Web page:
Rich Lowry has a good piece on Obama’s decision to skip ceremonies and celebrations commemorating the fall of the Berlin Wall:
Obama famously made a speech in Berlin during last year’s campaign, but at an event devoted to celebrating himself as the apotheosis of world hopefulness. He said of 1989, “a wall came down, a continent came together, and history proved that there is no challenge too great for a world that stands as one.”
The line was typical Obama verbal soufflé, soaring but vulnerable to collapse upon the slightest jostling from logic or historical fact. The wall came down only after the free world resolutely stood against the Communist bloc. Rather than a warm-and-fuzzy exercise in global understanding, the Cold War was another iteration of the 20th century’s long war between totalitarianism and Western liberalism. The West prevailed on the back of American strength.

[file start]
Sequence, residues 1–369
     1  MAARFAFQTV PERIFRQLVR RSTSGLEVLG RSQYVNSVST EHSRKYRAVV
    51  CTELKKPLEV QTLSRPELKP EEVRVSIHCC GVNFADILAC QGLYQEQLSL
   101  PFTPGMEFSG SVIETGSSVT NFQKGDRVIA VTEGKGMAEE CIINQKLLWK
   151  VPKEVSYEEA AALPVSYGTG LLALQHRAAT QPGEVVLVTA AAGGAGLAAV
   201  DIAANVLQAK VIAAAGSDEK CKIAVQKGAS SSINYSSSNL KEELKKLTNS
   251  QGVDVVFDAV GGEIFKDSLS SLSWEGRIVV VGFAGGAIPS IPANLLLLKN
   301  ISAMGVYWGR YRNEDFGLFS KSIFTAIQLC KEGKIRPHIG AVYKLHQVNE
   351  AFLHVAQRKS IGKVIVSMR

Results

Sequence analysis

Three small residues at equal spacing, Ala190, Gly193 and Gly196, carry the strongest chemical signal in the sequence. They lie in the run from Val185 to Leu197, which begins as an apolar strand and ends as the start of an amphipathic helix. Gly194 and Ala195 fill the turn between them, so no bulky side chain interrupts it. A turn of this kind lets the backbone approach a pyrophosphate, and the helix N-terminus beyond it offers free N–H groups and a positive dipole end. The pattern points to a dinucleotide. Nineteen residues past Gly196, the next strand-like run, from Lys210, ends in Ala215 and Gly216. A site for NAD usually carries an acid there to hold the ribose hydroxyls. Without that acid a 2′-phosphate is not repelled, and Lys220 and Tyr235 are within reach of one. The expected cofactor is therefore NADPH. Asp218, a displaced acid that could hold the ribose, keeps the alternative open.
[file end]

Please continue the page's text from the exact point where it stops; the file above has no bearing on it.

Lowry makes several great points, but the centerpiece for me is a point Lowry only touches upon: “But Obama doesn’t think in such antiquated, triumphalist terms.”
We have a President who, because the fall of the Berlin Wall and the reunification of Germany stands as a victory for the United States (and all of Europe), will not pay heed. Obama’s entire foreign policy is devoted towards bringing the United States down a notch or two. The apology tours are the tip of the iceberg of a philosophy of American un-exceptionalism.
John Kennedy stood in Berlin and proclaimed that we all are Berliners. Ronald Reagan stood in Berlin and proclaimed that the wall should be torn down. When Obama went to Berlin, as Lowry points out, Obama proclaimed himself leader of the world.
During the Cold War we needed a leader of the free world, not a leader of the world. We still do.
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